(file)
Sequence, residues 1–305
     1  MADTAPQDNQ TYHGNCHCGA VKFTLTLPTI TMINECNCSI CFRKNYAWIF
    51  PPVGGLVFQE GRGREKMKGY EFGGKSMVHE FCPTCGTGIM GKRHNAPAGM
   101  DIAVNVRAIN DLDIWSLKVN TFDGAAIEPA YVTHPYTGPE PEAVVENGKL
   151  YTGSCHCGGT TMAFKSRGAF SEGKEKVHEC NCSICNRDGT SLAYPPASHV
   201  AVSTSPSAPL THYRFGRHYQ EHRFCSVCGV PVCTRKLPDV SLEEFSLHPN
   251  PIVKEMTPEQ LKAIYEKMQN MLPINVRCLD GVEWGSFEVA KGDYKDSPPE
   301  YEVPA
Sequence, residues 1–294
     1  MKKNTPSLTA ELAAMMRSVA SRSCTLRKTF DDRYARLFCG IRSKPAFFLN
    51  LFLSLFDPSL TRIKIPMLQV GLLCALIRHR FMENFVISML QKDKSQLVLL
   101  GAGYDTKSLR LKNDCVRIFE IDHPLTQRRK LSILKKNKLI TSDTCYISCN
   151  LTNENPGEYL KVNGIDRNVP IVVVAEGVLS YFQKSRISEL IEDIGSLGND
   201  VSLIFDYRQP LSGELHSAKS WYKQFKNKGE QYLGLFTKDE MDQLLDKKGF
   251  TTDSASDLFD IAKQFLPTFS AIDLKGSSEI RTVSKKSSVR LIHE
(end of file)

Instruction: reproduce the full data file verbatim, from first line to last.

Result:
Sequence, residues 1–305
     1  MADTAPQDNQ TYHGNCHCGA VKFTLTLPTI TMINECNCSI CFRKNYAWIF
    51  PPVGGLVFQE GRGREKMKGY EFGGKSMVHE FCPTCGTGIM GKRHNAPAGM
   101  DIAVNVRAIN DLDIWSLKVN TFDGAAIEPA YVTHPYTGPE PEAVVENGKL
   151  YTGSCHCGGT TMAFKSRGAF SEGKEKVHEC NCSICNRDGT SLAYPPASHV
   201  AVSTSPSAPL THYRFGRHYQ EHRFCSVCGV PVCTRKLPDV SLEEFSLHPN
   251  PIVKEMTPEQ LKAIYEKMQN MLPINVRCLD GVEWGSFEVA KGDYKDSPPE
   301  YEVPA
Sequence, residues 1–294
     1  MKKNTPSLTA ELAAMMRSVA SRSCTLRKTF DDRYARLFCG IRSKPAFFLN
    51  LFLSLFDPSL TRIKIPMLQV GLLCALIRHR FMENFVISML QKDKSQLVLL
   101  GAGYDTKSLR LKNDCVRIFE IDHPLTQRRK LSILKKNKLI TSDTCYISCN
   151  LTNENPGEYL KVNGIDRNVP IVVVAEGVLS YFQKSRISEL IEDIGSLGND
   201  VSLIFDYRQP LSGELHSAKS WYKQFKNKGE QYLGLFTKDE MDQLLDKKGF
   251  TTDSASDLFD IAKQFLPTFS AIDLKGSSEI RTVSKKSSVR LIHE